Old girls of Roedean School in Parktown, Johannesburg, have joined in the debate about transformation in education by taking to social media to talk about racial discrimination they experienced at the elite school.
This follows after pupils of Pretoria High School for Girls protested against a hair policy at the school that forbids long Afros by black girls and rules that ban the use of African languages during school hours.
Roedean Old Girl Mohlokoa Ngoasheng sparked the discussion of race at the private school when she posted on the school’s old girl page, South African Old Roedeanian Association (SAORA) on Wednesday afternoon.
“Why hasn’t Roedean made any commentary or communique about the current events unfolding at similar schools in the country?” wrote Ngoasheng, 24, currently a Masters student at New York University.
“It’s disappointing for a school which likes to place itself at the forefront of quality and progressive education that there has been crickets on this matter which affects Old Girls, currents pupils, and all black staff.”
The post has garnered many likes and comments since its posting. Soon, Old girls were sharing their experiences, some traumatic, that consisted of racial discrimination.
Nkiase Mahlo, a 2011 matriculant, was told that her shaven head was “ridiculous” and told to “grow normal hair” by then-deputy headmistress.
When her mother was called in and took the side of her daughter, “her [the deputy head’s] reasoning switched… to wondering what would happen if the white girls shaved their heads and even mentioned how it’s reminiscent of neo-Nazis”, said Mahlo, who currently resides in London.
It’s not only about hair
Roedean’s hair policy was apparently amended to include the natural hair of black girls last year, after outcries from parents. However, not all of the issues that the old Roedeanians have raised stem from hair.
“Will teachers ever try to pronounce students’ actual names properly instead of forcing nicknames on to them?” asked 23-year-old Teboho Ramosili.
Naledi Mashishi, 21, old girl and current Rhodes University Activism and Transformation SRC leader, said that stereotypes were used to describe the boarders, who have always been an overwhelmingly black group.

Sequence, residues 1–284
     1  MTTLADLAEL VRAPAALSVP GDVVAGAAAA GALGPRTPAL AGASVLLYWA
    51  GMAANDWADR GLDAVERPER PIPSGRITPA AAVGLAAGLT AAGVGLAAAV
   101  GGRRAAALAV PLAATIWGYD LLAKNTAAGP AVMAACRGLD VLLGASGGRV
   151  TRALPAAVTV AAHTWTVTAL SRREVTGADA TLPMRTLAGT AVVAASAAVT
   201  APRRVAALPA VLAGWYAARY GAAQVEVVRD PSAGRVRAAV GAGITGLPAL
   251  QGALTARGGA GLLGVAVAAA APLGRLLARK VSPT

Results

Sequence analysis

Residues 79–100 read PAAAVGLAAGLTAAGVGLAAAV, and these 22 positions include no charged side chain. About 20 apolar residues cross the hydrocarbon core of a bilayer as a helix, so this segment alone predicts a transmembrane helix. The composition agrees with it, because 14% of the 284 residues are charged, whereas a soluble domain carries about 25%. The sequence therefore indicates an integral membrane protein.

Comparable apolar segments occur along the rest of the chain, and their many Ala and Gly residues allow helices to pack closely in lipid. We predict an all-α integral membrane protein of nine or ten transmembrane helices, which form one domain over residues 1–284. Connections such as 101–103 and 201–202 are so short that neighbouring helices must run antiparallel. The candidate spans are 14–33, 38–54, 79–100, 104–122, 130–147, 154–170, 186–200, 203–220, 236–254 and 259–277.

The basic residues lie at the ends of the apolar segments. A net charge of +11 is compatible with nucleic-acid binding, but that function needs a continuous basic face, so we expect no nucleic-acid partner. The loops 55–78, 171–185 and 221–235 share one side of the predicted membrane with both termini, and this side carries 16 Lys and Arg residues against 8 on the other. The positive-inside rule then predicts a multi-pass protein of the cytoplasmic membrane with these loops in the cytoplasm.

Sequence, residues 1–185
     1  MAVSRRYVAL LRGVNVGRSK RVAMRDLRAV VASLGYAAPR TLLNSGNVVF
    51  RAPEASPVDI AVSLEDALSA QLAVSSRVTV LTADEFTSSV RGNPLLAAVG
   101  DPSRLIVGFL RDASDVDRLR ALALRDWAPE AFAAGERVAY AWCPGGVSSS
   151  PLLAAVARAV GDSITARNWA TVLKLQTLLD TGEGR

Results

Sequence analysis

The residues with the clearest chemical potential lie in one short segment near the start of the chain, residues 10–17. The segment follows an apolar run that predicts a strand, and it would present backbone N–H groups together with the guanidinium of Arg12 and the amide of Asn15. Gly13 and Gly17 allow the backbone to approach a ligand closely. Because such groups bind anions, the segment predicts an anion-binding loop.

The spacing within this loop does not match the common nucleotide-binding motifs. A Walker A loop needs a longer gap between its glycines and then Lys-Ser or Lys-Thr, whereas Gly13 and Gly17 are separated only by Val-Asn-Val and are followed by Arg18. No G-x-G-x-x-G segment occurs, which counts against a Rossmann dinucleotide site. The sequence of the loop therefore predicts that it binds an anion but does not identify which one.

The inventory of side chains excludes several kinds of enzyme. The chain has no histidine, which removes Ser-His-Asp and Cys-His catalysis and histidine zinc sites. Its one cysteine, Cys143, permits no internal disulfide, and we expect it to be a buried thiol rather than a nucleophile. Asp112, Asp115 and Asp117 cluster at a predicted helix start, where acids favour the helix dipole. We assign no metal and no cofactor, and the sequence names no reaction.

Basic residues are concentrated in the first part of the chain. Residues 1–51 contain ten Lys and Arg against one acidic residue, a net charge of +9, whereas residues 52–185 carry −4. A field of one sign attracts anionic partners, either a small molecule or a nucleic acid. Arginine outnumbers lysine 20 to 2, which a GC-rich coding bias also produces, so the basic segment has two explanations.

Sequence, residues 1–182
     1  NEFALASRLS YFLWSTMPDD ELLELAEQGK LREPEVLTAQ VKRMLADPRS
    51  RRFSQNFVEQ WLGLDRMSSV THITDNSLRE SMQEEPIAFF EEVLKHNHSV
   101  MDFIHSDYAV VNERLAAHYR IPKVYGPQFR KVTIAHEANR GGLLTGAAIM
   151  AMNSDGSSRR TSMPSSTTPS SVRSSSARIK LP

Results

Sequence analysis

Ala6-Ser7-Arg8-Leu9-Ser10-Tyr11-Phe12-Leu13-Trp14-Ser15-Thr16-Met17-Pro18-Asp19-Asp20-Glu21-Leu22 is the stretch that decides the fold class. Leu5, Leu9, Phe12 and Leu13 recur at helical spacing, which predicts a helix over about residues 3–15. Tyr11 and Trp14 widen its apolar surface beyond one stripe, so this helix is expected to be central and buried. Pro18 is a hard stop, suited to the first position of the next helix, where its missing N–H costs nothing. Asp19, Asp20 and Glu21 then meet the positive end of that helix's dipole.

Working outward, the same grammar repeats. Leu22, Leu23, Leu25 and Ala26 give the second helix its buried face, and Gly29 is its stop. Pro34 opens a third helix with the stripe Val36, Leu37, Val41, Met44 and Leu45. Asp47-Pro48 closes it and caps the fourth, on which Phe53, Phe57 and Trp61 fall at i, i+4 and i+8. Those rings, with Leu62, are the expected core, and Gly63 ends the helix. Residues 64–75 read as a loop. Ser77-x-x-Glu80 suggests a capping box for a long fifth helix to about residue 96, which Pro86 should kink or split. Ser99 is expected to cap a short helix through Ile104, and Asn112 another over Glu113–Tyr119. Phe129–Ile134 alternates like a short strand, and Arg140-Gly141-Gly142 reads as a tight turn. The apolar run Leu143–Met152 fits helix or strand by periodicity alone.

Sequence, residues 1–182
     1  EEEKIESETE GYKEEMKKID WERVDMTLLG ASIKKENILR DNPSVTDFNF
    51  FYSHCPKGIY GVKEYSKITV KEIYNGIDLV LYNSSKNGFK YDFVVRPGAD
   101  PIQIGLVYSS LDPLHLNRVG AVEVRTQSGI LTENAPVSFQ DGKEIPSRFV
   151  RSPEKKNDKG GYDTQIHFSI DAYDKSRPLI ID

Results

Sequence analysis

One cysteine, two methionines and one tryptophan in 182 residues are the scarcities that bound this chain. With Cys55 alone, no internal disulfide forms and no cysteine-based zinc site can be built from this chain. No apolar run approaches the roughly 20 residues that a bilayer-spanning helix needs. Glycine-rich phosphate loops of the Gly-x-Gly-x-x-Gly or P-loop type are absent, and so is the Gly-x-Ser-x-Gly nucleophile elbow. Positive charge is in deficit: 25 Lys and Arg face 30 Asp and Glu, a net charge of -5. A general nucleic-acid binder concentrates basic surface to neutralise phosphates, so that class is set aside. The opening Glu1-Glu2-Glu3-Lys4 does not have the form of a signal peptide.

“I remember staff members constantly singling out the boarders and calling us dirty, loud, and implying that we don’t wash our hair,” said Mashishi.
A separate, closed Facebook group has been made specifically for the purpose of providing a safe space for old and current Roedeanians to vent their frustrations for the then-administration.
More personal stories, such as trying to fit into the mould of a “perfectly polished Roedean girl” and excelling academically in the school while black and while the odds (and sometimes allegedly the staff) were against the young women, were shared.
Not all former Roedeanians had negative racial experiences at the school. An old girl who matriculated in 2009 and is of mixed descent said that she loved her experience at the school, although she feels that she had a more positive time based on the fact that she had a mother who looked white and she was academically strong and good at sports.
“My ‘mixedness’ kind of made me appear to be white,” the 24-year-old said. “So with regards to blatant prejudice, I don’t think I personally experienced that. For me my experience was instead one of having to deal with people’s classifications of what I was to them.”
The school has since replied to the outcries of the alumni via SAORA in a comment on Ngoasheng’s post.
“A progressive learning institution”
“Roedean School is a progressive learning institution which proudly embraces diversity and change,” said a representative of the school in the official statement. “We continue to debate and reflect on some of the issues under discussion in this post and have made some progressive changes at the school.”
It is not clear who wrote this official response, but the alumni have called for clearer examples of progression in the school.
The old girls said that they urge current Roedeanians to share their experiences and have also encouraged black women from other private and former Model C schools to join in the conversation.
Wits Vuvuzela, Pretoria High School for Girls alumni pledge their support, August 2016